Despite the amount of press and buzz about public cloud and hyper-converged infrastructure (HCI), both architectures are still in their infancy. The vast majority of enterprise business critical systems still reside in on-premise datacentres, but no-one doubts that change is already happening.
Clearly the many years of investment in open systems, built on in-house datacentres with SAN based storage, cannot be erased overnight or even over a few years, it will likely take tens of years before we see this type of technology become legacy. However, it is also clear that new investment in siloed compute, network and storage is reducing rapidly in favour of public cloud or alternative solutions such as HCI.
So far, the drift towards these new platforms has been tactical rather than strategic. Companies will identify a specific application, or look at non-critical systems, or even look at an isolated new project and dabble by putting that onto a cloud platform such as Azure of investing in HCI specifically for that single application.
The irony in this should not be overlooked.
One of the real benefits of these new platforms is that they overcome a siloed approach. All aspects of IT infrastructure become managed together. However, by implementing these new platforms, tactically the new infrastructure becomes a new silo (albeit more manageable) that runs separately and concurrently with the legacy infrastructure.
This is not surprising, it’s a big step with far too much risk to move an entire operation away from a proven platform to a completely new technology. Therefore “dabbling” is a good way for IT teams to understand how platforms such as public cloud and HCI really perform.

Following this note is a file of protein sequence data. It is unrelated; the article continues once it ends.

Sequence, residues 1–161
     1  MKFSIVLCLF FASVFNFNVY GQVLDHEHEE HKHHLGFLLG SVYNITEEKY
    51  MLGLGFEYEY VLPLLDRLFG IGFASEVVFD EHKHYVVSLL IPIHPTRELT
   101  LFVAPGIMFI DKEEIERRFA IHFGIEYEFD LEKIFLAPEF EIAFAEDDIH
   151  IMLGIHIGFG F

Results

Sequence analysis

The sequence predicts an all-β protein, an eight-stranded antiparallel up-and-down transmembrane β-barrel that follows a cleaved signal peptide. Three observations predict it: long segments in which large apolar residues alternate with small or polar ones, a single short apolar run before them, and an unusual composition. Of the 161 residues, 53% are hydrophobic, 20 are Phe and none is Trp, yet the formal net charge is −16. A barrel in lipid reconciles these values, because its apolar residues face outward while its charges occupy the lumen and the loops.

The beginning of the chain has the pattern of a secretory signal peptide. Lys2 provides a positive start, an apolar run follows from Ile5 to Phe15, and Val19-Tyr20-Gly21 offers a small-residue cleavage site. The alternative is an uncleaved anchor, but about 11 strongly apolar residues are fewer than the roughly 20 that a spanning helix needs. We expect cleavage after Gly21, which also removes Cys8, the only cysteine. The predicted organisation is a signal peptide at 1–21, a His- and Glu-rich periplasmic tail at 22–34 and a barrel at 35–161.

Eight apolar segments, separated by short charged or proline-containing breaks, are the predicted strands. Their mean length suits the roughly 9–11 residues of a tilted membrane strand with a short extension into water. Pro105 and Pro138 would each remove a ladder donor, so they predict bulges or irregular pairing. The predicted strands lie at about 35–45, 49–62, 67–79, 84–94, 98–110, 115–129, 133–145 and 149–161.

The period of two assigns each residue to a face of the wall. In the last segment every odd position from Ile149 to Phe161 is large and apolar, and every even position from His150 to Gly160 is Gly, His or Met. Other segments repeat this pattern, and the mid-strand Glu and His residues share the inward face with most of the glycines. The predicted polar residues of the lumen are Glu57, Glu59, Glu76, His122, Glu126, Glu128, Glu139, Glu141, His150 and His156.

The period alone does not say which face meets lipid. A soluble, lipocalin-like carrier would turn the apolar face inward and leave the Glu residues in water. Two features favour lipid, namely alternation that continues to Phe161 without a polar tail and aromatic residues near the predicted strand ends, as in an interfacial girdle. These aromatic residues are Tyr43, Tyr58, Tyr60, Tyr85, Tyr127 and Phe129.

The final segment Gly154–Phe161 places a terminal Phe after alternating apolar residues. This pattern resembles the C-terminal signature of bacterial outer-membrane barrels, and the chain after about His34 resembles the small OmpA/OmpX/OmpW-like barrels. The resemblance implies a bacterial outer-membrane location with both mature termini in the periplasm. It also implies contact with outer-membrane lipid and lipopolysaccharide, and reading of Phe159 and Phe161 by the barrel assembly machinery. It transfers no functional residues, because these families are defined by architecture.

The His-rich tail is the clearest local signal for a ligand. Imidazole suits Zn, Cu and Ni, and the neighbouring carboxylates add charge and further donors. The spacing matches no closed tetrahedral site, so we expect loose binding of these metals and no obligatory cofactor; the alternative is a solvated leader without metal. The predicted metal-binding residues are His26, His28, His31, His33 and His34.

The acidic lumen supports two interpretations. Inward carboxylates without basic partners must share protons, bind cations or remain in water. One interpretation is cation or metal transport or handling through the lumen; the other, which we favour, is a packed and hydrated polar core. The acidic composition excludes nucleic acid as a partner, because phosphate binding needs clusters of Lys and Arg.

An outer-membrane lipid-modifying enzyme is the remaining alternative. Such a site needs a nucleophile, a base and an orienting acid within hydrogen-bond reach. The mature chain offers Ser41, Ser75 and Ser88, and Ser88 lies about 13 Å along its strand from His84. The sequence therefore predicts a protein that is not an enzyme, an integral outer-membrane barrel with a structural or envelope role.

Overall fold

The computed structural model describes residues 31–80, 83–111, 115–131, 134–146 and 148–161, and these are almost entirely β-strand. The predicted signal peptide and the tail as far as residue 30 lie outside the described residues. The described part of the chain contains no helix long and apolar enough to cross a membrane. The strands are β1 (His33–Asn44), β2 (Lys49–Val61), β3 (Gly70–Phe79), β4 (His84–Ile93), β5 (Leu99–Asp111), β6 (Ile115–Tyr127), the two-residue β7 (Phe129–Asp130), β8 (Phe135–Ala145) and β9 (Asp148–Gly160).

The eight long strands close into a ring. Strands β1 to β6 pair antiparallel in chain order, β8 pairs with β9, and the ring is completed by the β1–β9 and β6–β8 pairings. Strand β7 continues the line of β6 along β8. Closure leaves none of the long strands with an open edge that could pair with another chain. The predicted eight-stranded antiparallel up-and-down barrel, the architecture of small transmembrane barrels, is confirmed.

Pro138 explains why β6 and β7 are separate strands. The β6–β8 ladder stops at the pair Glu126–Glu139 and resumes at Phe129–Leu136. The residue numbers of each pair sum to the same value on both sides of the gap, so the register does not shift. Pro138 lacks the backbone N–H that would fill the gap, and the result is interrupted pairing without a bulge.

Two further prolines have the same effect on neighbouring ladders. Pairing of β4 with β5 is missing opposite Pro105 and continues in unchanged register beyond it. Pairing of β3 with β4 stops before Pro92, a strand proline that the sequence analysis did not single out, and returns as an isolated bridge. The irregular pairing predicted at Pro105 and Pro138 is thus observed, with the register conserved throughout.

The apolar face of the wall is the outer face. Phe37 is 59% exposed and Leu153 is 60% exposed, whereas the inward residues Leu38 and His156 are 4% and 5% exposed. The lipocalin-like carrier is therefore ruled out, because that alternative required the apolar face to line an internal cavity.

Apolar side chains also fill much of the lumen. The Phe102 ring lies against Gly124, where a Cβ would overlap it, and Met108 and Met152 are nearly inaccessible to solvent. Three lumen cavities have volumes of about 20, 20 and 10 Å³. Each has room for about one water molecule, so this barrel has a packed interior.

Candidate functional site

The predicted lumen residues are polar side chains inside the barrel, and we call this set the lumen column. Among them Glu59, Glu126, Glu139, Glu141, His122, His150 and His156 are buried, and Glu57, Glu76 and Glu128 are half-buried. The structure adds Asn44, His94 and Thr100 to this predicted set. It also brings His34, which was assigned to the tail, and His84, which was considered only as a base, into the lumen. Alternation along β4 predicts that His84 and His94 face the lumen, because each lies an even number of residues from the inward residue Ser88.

Add to that that Public Cloud and HCI are in the early iterations, it is questionable whether they really could provide the scale and performance required by enterprise class IT operations. NetApp recently announced what they refer to as next generation HCI which they believe answers scalability questions and makes replacing an entire infrastructure possible.
Developments like this will accelerate the move away from traditional fixed datacentres. IT departments want to get out of managing the infrastructure and focus more on service levels and application management. That is why public cloud is so appealing. However Public cloud comes with sovereignty, connectivity performance and long-term cost issues that means it is unlikely that most companies will ever move everything to public cloud.
This is where next generation HCI combines so perfectly. At its core HCI is the same technology that underpins public cloud. Massively scalable with simplified management. Essentially HCI will enable true benefits of cloud within your own datacentre, and with companies like NetApp who embrace public cloud with their Data Fabric, the ability to move and manage workloads between on premise cloud built on HCI and public cloud when relevant, is truly starting to become a reality.
For more information, click here to read Gartner framework and compare HCI architectures.